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The article from the New York Times today reports on how there will be an exemption on the new law that requires documented proof of citizenship on application for Medicaid. The part that really struck me was a section in the middle:

“The new documentation requirement is part of the Deficit Reduction Act, signed by President Bush on Feb. 8. It is meant to stop the “theft of Medicaid benefits by illegal aliens,” in the words of Representative Charlie Norwood, Republican of Georgia, a principal author of the provision.”

The attempt to withhold care to certain populations is rather mind-boggling. The truth is that society pays for the care of these patients, one way or another. Furthermore, study after study shows that paying for whatever outpatient care they need is cost-effective…. you can give a patient 20 expensive medications for months and the cost still would not equal a single night of stay in an intensive care unit (ICU).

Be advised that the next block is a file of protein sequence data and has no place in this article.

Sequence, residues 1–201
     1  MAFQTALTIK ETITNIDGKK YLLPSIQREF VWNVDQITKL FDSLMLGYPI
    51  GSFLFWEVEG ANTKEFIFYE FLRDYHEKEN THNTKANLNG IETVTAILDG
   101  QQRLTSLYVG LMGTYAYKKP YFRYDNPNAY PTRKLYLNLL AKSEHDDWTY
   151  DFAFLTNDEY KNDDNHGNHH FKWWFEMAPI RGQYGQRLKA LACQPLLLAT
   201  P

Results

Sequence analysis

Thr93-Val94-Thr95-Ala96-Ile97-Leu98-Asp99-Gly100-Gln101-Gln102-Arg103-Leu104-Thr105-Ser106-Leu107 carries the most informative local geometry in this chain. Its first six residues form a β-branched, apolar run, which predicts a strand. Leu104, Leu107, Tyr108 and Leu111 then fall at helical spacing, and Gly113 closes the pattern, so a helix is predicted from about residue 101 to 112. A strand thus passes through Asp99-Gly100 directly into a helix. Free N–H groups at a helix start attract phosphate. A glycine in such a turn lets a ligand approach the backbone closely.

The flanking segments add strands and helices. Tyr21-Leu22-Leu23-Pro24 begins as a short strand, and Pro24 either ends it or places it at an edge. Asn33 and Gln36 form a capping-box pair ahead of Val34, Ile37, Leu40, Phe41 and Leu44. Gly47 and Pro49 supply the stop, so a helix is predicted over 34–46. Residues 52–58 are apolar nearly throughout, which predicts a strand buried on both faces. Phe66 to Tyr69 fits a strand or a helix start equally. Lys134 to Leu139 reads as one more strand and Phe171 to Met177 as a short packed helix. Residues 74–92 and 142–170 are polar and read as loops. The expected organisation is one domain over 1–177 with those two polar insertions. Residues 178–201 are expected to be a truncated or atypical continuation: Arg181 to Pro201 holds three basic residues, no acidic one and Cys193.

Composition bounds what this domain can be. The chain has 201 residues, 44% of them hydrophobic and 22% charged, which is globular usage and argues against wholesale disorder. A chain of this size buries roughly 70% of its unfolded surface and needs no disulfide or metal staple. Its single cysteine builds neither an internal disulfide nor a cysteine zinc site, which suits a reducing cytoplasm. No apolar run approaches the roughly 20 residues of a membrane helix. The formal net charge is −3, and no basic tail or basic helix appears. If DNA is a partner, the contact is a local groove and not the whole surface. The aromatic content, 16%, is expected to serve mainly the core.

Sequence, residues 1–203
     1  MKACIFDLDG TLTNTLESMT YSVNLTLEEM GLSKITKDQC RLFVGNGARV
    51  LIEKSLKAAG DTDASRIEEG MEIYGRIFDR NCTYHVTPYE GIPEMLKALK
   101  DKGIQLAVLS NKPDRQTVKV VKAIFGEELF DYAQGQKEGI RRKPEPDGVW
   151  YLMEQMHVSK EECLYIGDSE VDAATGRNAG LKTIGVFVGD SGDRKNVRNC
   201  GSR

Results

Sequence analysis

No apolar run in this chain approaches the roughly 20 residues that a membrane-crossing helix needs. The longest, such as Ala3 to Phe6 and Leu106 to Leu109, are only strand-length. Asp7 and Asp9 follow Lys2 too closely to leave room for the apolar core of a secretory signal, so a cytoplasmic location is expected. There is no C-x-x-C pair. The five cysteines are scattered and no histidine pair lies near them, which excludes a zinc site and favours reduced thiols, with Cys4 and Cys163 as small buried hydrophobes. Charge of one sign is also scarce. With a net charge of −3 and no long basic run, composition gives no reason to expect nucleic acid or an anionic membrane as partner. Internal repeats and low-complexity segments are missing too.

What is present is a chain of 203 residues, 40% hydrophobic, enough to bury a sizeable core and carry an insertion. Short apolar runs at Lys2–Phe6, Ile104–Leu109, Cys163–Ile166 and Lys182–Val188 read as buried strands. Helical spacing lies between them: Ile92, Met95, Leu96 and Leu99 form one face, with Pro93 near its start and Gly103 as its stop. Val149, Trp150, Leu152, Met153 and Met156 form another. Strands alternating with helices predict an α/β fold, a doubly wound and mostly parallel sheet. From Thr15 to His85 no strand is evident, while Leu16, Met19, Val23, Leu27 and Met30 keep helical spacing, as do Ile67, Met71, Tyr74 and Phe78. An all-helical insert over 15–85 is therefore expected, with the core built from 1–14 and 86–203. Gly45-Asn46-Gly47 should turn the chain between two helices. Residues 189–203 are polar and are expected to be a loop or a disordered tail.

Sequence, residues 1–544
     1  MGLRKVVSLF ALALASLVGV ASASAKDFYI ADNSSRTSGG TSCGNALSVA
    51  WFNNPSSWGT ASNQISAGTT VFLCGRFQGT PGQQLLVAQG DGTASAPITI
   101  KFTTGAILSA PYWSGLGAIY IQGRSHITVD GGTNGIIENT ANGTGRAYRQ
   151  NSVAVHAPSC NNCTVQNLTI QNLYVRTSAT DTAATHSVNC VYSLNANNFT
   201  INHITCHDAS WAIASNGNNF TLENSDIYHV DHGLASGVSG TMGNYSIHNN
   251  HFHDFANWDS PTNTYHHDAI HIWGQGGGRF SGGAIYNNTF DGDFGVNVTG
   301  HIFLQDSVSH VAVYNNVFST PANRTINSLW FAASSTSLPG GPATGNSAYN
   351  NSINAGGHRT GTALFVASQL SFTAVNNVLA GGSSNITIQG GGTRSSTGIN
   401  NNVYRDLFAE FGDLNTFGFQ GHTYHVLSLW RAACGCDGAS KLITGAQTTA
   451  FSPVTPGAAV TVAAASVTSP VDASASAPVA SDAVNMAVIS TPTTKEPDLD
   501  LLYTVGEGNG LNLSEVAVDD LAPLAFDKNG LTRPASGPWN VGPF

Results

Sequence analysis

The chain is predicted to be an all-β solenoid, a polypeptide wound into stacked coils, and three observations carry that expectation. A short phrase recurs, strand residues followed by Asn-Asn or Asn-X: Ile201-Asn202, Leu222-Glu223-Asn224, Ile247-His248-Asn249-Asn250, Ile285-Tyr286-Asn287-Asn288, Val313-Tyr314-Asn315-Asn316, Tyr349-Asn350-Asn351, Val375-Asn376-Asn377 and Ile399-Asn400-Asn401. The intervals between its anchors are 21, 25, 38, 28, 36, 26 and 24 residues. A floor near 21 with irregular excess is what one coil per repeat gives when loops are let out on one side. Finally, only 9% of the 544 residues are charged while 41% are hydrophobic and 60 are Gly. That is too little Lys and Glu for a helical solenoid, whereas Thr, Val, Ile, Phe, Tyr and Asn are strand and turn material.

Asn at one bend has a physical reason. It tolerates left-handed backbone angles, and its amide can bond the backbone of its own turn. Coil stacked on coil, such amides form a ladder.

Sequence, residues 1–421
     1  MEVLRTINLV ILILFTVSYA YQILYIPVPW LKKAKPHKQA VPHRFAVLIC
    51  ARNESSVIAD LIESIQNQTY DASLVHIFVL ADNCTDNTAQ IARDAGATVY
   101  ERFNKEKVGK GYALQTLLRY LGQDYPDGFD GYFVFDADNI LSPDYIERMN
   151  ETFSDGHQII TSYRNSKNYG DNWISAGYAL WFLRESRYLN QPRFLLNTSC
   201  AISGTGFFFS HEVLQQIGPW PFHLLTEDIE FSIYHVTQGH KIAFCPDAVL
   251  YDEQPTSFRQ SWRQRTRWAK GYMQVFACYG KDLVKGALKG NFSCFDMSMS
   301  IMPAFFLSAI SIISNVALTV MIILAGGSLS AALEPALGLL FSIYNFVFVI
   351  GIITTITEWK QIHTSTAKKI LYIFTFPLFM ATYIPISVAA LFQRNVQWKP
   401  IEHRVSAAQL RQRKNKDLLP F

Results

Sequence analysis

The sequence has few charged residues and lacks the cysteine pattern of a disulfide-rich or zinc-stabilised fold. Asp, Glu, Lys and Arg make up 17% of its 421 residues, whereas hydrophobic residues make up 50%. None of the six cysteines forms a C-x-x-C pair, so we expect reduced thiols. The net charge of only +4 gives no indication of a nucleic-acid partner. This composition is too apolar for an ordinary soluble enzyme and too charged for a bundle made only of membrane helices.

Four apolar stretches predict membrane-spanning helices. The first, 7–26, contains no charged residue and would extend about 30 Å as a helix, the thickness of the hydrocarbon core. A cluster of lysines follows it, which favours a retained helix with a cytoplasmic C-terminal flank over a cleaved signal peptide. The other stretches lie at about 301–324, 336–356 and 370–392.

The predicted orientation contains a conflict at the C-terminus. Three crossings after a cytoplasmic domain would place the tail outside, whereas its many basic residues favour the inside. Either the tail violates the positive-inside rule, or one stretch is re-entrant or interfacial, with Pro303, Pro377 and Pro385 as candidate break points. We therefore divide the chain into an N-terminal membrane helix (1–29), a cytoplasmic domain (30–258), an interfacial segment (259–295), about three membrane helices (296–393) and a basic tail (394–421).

If these patients don’t get outpatient care, they clog up the ER. Yes, yes, I know the studies that show that ERs are clogged by non-underserved people as well. Sick people is bad for productivity, bad for the economy, and is a public health hazard. What happens if the government refuses to pay? The hospitals will take the hit at first, and they’ll have to bill those who can pay in order to make ends meet. If they can’t, they will close down, and not provide care to anyone. Eventually, the government will have to bail them out, thus costing more taxpayer money.

The evidence is there. Also see another article regarding a homeless drunk housing project in Seattle. It’s simply cheaper to take care of these people. It is a social good. We don’t have to like them, but we have to realize that by ignoring them and pretending that they don’t exist, we’re costing ourselves a whole lot of money.